RIPA RIPA

Redefining Italian Swimwear

Inspired by the aesthetics of the Mediterranean and the Italian sixties, the classic drawstring swimsuit was redesigned for a tailored cut and manufactured in Italy with a keen eye for sartorial detail.
Founded in Milano by Anna Laura Hoefer and Oliviero Muzi Falconi, Ripa Ripa stands for spontaneous, understated elegance combined with contemporary design and traditional Italian craftsmanship. Their swimsuits embody the essence of the Italian summer. 

THE PLACE
Portici is a small town south of Naples, right at the foot of the Vesuvio, probably known for its historical railway line along the coast rather than for swimsuit or shirt making. Their atelier is hidden in the basement of an unassuming, red residential block, just behind the railway station and a few minutes from the sea. It was specialised in making hand-sewn shirts for the most renowned Neapolitan houses – the sort of attention and expertise they wanted to apply to something as simple as a swimsuit. 

THE PEOPLE
The laboratorio doesn't look fancy in any way, but it is full of quirks, character and the people working there have a real energy for the work they do; a shirt isn't just a shirt, it could be cut in a dozen different ways, sewn by hand or machine, with specific sewing techniques used depending on the way the fabric has to wrap around the shoulder of the client. It is run by Salvatore and Luigi, two brothers in their twenties, along with Angela, the head of the laboratorio. The garments are sewn together by a team of seamstresses, who, with the biggest smile on their face, explain to you every step of the making of a swimsuit and each single stitch on a shirt. 

THE MATERIALS
Quality swimwear fabrics are rare to go by, because synthetic fibres often have a plastic touch whilst cotton absorbs and retains moisture. They had a hard time sourcing high quality suppliers and are very proud of their finding. They came across a mill that produces quick-drying synthetic fabric that is ring-spun and brushed, making it both soft and look and feel like cotton. The raw weave is then dyed and printed with their exclusive designs.
For the tying-cord, they chose a nautical rope manufacturer just outside Milan that specialises in the production of traditional sailing boat cording. The drawstring is made from unbleached cotton that is double braided to reduce water absorption and weaved tightly to withstand the wear and tear of the sea. It recalls the old ropes used on vintage wooden sailing boats.For the shirts they source a high quality Italian linen, which grows softer and supple the more it gets worn. The buttons are all made out of mother of pearl, where each one is unique and tells its own story.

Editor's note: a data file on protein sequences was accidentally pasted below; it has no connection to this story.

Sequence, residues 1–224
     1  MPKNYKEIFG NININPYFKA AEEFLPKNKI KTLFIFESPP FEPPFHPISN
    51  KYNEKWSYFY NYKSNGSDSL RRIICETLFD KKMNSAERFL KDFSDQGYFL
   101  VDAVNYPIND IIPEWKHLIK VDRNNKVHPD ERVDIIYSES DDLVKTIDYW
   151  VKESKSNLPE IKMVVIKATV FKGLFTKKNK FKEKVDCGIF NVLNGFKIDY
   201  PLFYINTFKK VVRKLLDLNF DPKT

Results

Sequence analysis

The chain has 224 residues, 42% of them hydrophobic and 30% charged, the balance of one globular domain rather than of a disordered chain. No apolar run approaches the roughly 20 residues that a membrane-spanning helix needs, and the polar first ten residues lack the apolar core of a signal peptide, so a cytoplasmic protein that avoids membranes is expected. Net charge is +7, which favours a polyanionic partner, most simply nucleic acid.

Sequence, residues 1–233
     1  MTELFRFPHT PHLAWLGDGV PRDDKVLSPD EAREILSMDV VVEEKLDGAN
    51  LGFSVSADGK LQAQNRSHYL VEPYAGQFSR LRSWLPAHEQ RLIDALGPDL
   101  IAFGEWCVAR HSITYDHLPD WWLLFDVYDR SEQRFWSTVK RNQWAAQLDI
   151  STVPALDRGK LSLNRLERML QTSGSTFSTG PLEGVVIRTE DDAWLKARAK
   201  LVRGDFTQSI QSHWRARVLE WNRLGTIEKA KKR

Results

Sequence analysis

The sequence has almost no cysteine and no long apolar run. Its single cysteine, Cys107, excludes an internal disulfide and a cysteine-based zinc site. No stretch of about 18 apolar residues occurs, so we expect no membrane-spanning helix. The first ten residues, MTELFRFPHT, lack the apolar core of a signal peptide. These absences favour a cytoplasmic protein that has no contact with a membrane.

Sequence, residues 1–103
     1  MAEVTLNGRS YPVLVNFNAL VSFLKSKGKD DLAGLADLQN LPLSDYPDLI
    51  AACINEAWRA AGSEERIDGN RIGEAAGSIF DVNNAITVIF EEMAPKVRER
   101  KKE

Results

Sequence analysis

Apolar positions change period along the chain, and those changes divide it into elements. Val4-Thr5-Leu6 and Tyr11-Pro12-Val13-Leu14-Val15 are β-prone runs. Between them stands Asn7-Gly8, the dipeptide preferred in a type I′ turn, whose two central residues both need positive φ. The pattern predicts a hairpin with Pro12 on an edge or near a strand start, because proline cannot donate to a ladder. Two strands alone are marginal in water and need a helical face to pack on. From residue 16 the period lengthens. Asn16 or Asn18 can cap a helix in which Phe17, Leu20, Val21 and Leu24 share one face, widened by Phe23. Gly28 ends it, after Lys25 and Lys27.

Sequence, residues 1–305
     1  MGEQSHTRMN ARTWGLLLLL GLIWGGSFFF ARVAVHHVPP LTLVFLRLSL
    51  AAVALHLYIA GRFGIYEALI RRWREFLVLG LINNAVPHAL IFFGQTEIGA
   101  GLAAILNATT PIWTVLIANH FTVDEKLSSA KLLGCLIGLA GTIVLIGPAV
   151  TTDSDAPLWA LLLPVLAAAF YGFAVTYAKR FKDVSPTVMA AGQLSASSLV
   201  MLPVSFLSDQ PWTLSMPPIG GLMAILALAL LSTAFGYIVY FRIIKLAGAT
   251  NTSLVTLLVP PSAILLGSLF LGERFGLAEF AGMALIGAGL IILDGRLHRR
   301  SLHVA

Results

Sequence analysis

THE CUT
Together with their team of tailors, Anna Laura and Oliviero worked on redesigning the classic swimsuit to get the perfect cut. Many swim shorts look awkward because of what they call the “parachute effect”; the short becomes wider towards the leg opening, giving it a droopy pear shape. By increasing the inseam and slightly reducing the leg circumference, they gave our swim short a straight and elegant fit.The linen shirts are designed revisiting vintage cut from the 1960s, such as the Capri collar which has famously been worn by Gianni Agnelli during his summers in Capri. Giovanna uses chalk to draw the different shapes on the fabric and then cuts it by hand with incredible precision. 

THE SEWING
Many details in the construction of the swimsuit may pass unnoticed, but they spent so much time conceiving every aspect that they couldn't fall short of perfecting even the smallest details.
The border of the side pockets are finished with a very fine hem – where the edge of the cloth is folded narrowly around a thin string with blind-stitching – giving it a clean, refined look. All of the fabric edges in the construction are folded and sewed before the assembly, so that the rough borders of the cut cloth never appear on the inside of the swimsuit. 

THE FINISHING TOUCHES
Angela is always the last one to hold our pieces – she carefully irons and folds them, and cuts off by hand any little string that may still be showing. 

FINAEST has chosen Ripa Ripa because they believe like us in quality over quantity, in the return to owning one great, well-made product rather than many standardised, mass-produced goods. They conceive their products to look just as good when they are worn and lived, as they do when they are new. 


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